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Where the Venetians Dine

By Nancy Lewis
The Washington Post
Sunday, August 9, 1998; Page E02
   


Sunday is the day Italian families indulge in long, luxurious lunches, mostly in places that tourists have never heard of. That's especially true in the Veneto, the region around Venice. And the patrons are often Venetians, off for a day in the country to escape the hordes of weekend day-trippers that overwhelm the city.

As annual visitors who have come to think of Venice as our second home, my husband, Gene, and I have also come to dread the weekend crowds, and have adopted the local custom of heading out as they float in. Three of our favorites, all within a 90-minute drive from Venice, all negotiable with a minimum of Italian (try the Marling Menu-Master), all small enough to make reservations necessary and all places where it is unlikely you'll hear any other customers speaking English:

A place by the side of the road: The official name is Al Castelletto, but everybody calls this dusty-rose hued trattoria Clemy's, for owner Clementina Viezzer. Sited near the foothills of the Dolomites and featuring a large outdoor garden for seasonal dining, Clemy's, which practically juts into a busy local highway, is rustic and welcoming. The big front room is dominated by an open fireplace where most of the meats are cooked on a gridiron. There is a second, smaller room on the right and a sun porch in the rear. Clemy, with her dog Eva, presides over it all, often from a low chair near the grill.

There is no menu, though at least one waiter can translate the day's fare into English. Still, it's hard to comprehend what one may be ordering. The assorted appetizers may include platters of polenta and sausage, crepes with grilled radicchio and bechamel, glorious marinated tomatoes and fresh burrata (more ethereal than mozzarella), creamily scrambled eggs with asparagus, marinated slices of fillet of beef--all served family-style. The pasta dishes are hearty and so copious we usually have to skip them to save room for the main course.

And oh, what main courses: great slabs of grilled veal or beef steak or filet or pork shanks or mounds of local vegetables. No cookout was ever so good. Dinner for two, with wine for one, cost us about $65.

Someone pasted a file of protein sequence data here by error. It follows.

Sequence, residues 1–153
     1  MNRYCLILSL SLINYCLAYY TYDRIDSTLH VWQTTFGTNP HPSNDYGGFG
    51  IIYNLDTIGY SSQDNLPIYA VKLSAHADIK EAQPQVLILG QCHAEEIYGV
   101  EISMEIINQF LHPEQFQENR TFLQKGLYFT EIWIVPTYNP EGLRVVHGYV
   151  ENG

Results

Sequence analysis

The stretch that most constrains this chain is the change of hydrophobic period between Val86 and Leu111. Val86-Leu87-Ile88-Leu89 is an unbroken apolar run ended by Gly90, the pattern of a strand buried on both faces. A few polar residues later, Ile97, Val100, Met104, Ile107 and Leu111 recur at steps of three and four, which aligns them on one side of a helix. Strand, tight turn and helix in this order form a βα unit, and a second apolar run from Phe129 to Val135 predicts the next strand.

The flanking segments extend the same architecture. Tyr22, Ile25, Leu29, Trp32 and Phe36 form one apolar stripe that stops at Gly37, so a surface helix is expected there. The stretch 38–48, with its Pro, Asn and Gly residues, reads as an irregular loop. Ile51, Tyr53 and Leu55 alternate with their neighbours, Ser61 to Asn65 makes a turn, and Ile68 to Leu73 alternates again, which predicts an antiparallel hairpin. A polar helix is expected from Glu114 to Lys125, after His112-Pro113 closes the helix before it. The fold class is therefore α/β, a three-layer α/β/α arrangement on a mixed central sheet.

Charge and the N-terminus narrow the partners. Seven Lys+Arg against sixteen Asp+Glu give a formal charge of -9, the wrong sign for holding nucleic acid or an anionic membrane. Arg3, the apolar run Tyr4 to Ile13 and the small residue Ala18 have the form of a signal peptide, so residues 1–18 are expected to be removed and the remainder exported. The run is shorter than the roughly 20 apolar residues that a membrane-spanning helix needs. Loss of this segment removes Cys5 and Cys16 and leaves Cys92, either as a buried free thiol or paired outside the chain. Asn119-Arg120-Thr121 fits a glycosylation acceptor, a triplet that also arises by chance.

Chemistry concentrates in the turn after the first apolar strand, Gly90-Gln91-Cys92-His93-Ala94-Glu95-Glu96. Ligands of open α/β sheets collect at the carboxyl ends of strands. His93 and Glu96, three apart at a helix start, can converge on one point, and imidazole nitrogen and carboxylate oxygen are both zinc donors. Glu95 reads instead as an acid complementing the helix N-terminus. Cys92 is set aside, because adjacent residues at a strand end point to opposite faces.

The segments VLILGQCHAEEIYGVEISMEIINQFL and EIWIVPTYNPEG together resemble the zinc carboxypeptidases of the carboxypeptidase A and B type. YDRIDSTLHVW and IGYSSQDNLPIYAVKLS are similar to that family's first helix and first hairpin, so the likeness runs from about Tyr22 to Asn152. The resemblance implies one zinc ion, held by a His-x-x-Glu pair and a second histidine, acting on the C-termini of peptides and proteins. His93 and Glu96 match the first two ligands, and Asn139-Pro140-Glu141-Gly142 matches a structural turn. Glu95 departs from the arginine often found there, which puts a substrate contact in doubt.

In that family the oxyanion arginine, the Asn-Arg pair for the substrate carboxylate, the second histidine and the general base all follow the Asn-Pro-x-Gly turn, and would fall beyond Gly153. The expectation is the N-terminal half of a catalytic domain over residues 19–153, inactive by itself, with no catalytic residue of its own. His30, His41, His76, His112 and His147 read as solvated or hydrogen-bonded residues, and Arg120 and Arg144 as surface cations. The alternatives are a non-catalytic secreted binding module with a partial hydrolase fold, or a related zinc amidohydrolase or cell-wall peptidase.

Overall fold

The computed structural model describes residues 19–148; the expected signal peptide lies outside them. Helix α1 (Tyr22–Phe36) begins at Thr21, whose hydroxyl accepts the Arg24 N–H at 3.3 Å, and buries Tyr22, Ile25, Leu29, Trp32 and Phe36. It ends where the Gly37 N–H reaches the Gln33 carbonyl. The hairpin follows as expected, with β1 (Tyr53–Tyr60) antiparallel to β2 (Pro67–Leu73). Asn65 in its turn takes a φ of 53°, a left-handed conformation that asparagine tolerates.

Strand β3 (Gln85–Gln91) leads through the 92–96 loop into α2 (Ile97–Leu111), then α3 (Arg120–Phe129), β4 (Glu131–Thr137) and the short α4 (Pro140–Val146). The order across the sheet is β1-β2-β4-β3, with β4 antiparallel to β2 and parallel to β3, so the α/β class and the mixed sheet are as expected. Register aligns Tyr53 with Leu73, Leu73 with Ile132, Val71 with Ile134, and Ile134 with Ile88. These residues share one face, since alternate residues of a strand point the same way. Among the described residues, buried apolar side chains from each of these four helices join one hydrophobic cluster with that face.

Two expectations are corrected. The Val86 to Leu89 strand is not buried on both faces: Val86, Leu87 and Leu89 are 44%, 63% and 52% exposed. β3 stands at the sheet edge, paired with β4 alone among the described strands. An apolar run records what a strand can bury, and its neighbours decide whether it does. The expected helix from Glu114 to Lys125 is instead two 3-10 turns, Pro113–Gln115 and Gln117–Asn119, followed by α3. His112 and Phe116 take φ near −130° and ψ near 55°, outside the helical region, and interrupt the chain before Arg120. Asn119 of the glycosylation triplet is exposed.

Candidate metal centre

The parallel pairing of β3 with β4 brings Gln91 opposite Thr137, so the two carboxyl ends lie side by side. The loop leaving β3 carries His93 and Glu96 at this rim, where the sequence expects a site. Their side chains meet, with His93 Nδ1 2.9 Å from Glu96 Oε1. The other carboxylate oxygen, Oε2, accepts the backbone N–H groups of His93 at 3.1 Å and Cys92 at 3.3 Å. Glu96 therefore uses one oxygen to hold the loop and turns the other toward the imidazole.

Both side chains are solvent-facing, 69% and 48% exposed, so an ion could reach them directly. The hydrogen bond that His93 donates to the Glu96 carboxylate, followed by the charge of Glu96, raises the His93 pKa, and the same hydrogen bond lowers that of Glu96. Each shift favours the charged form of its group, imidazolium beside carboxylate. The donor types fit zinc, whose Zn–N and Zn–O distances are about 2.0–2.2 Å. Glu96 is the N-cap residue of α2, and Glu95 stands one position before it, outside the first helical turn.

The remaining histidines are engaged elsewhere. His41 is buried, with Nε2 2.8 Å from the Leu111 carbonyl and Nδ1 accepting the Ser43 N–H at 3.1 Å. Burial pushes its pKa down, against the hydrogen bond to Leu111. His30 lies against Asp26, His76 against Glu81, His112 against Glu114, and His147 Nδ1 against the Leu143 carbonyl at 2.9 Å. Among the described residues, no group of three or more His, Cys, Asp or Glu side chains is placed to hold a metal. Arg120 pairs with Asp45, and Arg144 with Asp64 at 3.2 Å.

The wines are mostly local, but who needs more when the vineyards for most of Italy's Prosecco production are almost within sight. And those people crowded around the tables are as apt to include the granddaughter of the last king of Italy as the local mayor.

Al Castelletto, Via Castelletto 15, Follina, telephone 011-39-43- 884-2484.

A place by the railroad station: The secret to a good meal at Da Conte is simply finding the place. We rode around for half an hour before finally locating it. It's literally behind the Mira railway station, but not on the main highway.

Housed in a butter-yellow building that had no sign at all when we visited in the spring, the interior is washed in the same buttery shade, and its atmosphere is just as light and airy. Da Conte is the personal domain of Giorgio and Manuela Zampieri: They make everything, including the breads and desserts, and personally serve all the customers who fill two small rooms.

Manuela, who is in charge of the cooking, uses only the foods of the seasons: the tiniest artichokes, spaghetti-thin asparagus, plump porcini. The fish and shellfish change with the seasons, too, and are apt to complement silky, impossibly thin homemade pasta. The meat dishes are sophisticated, but also seasonal. I had a wonderful venison dish and Gene had baby lamb chops that were tender as butter. The zabaglione--the lightest I have ever eaten--was served with wild strawberries. Once again, dinner for two, with wine for one, cost about $65.

Giorgio prides himself on his wine selection, mostly from small, wonderful vineyards whose products never leave the area.

Da Conte, Via Caltana 133, Marano Veneziano, Mira, 011-39-41-479-571. A place between the mountains and a lake: Alpago is a region at the foothills of the Dolomites known for spectacularly steep cliffs that attract climbers from around the world, and incredibly engineered roads that produce breathtaking vistas at every turn.

The area is accented by a sparkling alpine lake, Lago Santa Croce, and just past the lake is the tiny hamlet of Puos d'Alpago. Nestled in the center of the village is an old locanda (small inn) that serves some of the most spectacular food in all of northern Italy.

The recipes are actually ancient ones, specialties of the region that can rarely be found even in home cooking these days because of the intense preparation they require. Brothers Renzo and Aldo Dal Farra are dedicated to preserving the local cuisine and their menus feature dishes that are so complex they seem strikingly contemporary, but aren't. Renzo's wife, Mara, is in charge of the dining room and speaks some English.

The menu is small, but all the dishes we had were exquisite. The best buy is a six-course tasting menu that includes cover (bread and linens), service and wine, for about $50 per person (minimum of two).

Stuzzichino, the tiny starter that began our meal, is a kind of crustless egg and cheese quiche that simply melted in the mouth. The appetizers were a slice of rolled and stuffed rabbit for me and a dish of smoked pork for Gene. We had exquisite asparagus ravioli and homemade egg-rich macaroni with a lamb ragu. The main courses were a venison and bean salad for me and a leg of baby lamb for Gene. Every morsel was delectable.

Locanda San Lorenzo, Via 4 Novembre 79, Puos d'Alpago, 011-39-43-745-4048.

   
© Copyright 1999 The Washington Post Company

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